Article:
Tamburlaine in America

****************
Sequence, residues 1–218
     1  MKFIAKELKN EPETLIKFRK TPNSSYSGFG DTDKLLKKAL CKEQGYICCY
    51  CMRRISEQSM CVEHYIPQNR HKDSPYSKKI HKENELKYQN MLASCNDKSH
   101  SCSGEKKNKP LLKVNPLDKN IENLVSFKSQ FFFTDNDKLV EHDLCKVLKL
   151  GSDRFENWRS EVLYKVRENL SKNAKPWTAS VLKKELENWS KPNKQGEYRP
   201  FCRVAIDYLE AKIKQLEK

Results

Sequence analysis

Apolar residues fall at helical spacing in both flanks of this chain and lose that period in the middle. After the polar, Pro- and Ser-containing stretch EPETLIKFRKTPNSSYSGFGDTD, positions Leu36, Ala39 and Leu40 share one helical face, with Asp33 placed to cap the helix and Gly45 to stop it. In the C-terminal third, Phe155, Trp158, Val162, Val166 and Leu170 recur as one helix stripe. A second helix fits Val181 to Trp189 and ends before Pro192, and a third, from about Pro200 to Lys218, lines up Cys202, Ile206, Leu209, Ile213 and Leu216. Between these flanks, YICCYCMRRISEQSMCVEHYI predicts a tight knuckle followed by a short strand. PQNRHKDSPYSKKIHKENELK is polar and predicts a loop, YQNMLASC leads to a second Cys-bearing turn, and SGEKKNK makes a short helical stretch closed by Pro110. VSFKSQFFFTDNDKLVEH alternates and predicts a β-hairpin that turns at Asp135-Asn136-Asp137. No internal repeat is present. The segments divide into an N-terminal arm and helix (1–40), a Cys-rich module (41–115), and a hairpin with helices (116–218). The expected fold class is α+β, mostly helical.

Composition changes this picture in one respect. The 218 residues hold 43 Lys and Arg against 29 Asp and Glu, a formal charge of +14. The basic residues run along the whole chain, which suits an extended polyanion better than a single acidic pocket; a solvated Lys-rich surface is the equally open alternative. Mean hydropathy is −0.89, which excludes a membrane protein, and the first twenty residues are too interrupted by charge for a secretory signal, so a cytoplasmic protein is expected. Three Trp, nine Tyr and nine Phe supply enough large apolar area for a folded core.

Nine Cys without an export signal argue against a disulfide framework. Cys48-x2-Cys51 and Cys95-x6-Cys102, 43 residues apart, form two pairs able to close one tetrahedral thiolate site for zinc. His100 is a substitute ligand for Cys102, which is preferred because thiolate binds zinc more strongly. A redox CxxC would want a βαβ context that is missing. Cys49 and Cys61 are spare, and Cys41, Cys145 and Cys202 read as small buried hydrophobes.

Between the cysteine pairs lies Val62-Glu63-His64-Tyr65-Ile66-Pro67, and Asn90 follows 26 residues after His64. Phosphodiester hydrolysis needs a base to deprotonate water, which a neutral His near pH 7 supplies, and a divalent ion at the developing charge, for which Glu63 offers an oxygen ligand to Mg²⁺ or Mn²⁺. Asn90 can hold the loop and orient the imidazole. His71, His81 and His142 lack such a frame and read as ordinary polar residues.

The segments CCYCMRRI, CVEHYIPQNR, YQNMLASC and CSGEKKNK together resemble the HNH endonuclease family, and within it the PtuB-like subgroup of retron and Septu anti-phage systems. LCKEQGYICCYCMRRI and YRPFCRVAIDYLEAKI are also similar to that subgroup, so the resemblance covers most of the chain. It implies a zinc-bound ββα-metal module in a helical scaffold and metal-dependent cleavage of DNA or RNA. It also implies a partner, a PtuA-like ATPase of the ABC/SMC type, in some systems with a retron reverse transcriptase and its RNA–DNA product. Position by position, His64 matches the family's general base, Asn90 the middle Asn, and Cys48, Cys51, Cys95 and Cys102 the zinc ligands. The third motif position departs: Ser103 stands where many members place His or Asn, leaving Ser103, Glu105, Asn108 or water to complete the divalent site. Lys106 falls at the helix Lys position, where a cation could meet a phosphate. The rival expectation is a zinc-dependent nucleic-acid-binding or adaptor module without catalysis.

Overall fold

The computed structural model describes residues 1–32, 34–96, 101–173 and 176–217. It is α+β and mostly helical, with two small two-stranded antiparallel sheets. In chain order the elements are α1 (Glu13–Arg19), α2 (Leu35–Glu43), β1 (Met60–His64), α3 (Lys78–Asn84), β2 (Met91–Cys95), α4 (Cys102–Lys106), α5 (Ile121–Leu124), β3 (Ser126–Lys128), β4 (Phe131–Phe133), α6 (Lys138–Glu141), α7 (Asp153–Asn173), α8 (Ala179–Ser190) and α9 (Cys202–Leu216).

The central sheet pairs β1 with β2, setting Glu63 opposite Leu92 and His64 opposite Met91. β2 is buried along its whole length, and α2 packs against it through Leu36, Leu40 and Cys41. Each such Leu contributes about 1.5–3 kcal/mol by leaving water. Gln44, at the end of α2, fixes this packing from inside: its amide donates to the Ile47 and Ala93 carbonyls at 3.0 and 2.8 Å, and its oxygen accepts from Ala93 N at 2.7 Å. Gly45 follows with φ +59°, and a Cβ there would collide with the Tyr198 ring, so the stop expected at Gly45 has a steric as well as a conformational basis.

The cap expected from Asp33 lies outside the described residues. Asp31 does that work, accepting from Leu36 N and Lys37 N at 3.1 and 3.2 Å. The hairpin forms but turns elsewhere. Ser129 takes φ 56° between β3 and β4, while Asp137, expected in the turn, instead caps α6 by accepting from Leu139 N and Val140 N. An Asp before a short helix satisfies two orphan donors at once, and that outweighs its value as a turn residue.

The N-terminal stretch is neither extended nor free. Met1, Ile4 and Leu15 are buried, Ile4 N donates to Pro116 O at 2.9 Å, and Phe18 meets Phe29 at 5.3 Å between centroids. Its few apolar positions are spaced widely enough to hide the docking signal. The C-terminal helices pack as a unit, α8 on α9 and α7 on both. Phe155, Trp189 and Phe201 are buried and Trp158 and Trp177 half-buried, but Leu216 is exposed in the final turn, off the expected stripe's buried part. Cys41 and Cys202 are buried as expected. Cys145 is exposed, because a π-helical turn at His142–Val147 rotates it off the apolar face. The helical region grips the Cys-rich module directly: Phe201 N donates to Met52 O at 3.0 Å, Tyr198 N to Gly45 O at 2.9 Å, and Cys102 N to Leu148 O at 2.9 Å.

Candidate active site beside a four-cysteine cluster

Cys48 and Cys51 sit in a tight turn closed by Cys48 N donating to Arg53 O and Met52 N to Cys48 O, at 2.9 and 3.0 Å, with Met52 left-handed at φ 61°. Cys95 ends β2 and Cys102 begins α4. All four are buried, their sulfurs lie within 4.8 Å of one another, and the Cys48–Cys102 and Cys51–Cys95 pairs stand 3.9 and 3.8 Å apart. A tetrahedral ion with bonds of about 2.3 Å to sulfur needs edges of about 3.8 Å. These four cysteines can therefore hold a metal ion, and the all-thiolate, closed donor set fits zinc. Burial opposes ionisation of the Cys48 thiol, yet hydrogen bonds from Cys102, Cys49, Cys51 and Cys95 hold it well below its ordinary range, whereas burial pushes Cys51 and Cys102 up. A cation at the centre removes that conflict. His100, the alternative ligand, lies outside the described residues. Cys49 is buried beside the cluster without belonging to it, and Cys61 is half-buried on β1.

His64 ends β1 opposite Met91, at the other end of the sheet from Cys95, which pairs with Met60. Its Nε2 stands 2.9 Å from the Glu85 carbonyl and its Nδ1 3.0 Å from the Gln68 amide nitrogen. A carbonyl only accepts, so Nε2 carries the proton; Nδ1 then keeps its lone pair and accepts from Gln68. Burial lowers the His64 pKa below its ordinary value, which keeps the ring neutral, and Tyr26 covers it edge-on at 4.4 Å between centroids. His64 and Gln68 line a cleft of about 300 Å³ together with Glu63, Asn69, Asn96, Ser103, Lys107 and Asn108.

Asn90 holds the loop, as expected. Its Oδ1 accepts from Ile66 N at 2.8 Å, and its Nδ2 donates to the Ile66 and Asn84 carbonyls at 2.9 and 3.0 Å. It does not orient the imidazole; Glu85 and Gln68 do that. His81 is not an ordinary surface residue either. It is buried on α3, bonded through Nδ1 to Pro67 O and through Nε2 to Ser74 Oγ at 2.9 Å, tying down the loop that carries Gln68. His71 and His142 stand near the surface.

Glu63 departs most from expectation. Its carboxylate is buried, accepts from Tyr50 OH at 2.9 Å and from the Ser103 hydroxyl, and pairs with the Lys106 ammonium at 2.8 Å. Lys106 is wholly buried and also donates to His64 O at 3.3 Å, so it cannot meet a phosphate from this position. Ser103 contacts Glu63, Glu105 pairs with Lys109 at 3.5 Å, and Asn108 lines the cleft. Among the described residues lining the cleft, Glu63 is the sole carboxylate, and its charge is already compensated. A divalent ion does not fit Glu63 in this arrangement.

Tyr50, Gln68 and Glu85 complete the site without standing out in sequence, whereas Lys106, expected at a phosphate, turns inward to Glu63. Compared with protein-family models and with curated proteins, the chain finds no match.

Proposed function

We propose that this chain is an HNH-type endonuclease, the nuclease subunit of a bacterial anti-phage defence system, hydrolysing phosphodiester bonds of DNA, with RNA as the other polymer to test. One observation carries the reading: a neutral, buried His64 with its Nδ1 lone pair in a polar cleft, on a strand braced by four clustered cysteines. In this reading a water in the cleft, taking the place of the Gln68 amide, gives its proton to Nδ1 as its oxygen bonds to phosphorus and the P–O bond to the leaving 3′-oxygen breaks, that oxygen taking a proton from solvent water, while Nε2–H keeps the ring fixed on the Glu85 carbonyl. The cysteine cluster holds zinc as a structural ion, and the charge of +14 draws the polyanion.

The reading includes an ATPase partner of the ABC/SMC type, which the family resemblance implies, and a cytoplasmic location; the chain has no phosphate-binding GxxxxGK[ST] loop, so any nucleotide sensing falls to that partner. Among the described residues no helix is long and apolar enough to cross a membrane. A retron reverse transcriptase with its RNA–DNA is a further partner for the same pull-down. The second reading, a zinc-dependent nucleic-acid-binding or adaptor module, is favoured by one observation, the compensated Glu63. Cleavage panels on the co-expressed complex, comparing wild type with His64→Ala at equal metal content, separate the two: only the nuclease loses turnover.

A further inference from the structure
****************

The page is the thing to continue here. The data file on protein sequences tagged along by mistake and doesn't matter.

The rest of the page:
Although it is certain that Tamburlaine was performed in the 1580s, we have no record of performances before those recorded in 1594–95 in Philip Henslowe’s famous Diary. It also seems likely that Tamburlaine was on stage well into the seventeenth century, but, in fact, the next recorded performance after 1595 is an abridged version of both parts produced in America on 14 June 1919 by the Yale University Dramatic Association as the annual commencement play. The abridged acting text was prepared by Edger Montillion Woolley (who also directed the play) and Stephen Vincent Benét and was considered important enough to be published by the Yale University Press (1919). The all-male cast of amateurs received high praise in reviews in The Yale Daily News of 17 June 1919 from Professors C. F. Tucker Brooke and William Lyon Phelps, both on the English faculty, and one T.N.W., undoubtedly the now famous playwright Thornton (Niven) Wilder, Yale graduation class of 1920. There was also an extensive favourable review in the Boston Evening Transcript of 17 June 1919. However, an examination of the printed text reveals that the Benét-Woolley version was little short of the sort of butchery exhibited in Tamburlaine’s slaughter of the Virgins of Damascus (which was, in fact, omitted by them).
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